"...has wider philosophical implications, not only for reports by human rights groups, but also for journalists."
- Behind the Lines: Putting 'moral clarity' in context
Anshel Pfeffer, THE JERUSALEM POST
After decades of human-rights activism around the world, which has seen a rise in the number of organizations committed to the cause, anyone embarking on a new initiative to promote democracy and freedom — highlighting the plight of dissidents and prisoners of conscience in dictatorships — should be asked what is lacking in the existing bodies.
Natan Sharansky, who, together with former Czech president Vaclav Havel and Spain's Jose Maria Aznar, this week launched a new framework for supporting those fighting for democracy, had a clear answer in speaking to journalists at the start of the Democracy and Security Conference held in Prague — a joint venture of the Adelson Institute for Strategic Studies at the Shalem Center in Jerusalem, the Prague Security Studies Institute and the Spanish FAES Foundation.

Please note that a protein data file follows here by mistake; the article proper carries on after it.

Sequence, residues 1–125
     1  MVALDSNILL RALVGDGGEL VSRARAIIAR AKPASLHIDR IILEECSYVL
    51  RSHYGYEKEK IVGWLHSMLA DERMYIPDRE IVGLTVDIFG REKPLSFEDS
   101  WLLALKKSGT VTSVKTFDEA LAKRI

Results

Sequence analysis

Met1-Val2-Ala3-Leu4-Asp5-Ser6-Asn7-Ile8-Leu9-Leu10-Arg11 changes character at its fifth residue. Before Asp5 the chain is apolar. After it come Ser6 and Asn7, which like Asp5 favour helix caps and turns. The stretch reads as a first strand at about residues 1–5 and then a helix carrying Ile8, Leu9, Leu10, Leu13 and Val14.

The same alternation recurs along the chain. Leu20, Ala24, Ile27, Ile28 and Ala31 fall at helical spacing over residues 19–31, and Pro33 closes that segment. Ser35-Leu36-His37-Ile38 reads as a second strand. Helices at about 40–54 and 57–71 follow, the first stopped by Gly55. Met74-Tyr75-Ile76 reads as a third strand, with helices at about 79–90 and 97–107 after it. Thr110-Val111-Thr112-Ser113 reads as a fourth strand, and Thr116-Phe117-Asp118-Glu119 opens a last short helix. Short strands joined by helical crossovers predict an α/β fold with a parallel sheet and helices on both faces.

"There is a lack of moral clarity," he said of the existing human-rights establishment. "They seem to have adopted a post-modern attitude, according to which, after World War II, there is no longer such a thing as bad regimes and cultures; it's only a matter of what has been done to an individual. But how can you set human rights as an ideal if there's no right or wrong?"
His main contention with these movements — especially the flagbearer, Amnesty International — is that they are not prepared to express any view on the character of the governments they are monitoring. "It's not just the fact that they [Amnesty] have 20 pages on human rights infringements by Israel and only half a page on Syria," Sharansky said. "I don't want them to stop monitoring Israel. But why can't they just note the fact that one country is a democracy and the other a dictatorship? Why don't they put them in separate categories in their annual report?"
The article continues with a critique of journalism, including why "journalistic objectivity is a myth, and even those who profess to this will be forced to admit that the very choice of what issue to invest time and space on is essentially a moral one."
In other words: Those who can, do. Those who can't, teach. Those who can neither do nor teach are called "journalists."
Labels: agenda driven mainstream media (BIRM), al-Jazeernalism, clue-challenged liberals (BIRM), dinosaur media, Useless Nitwits
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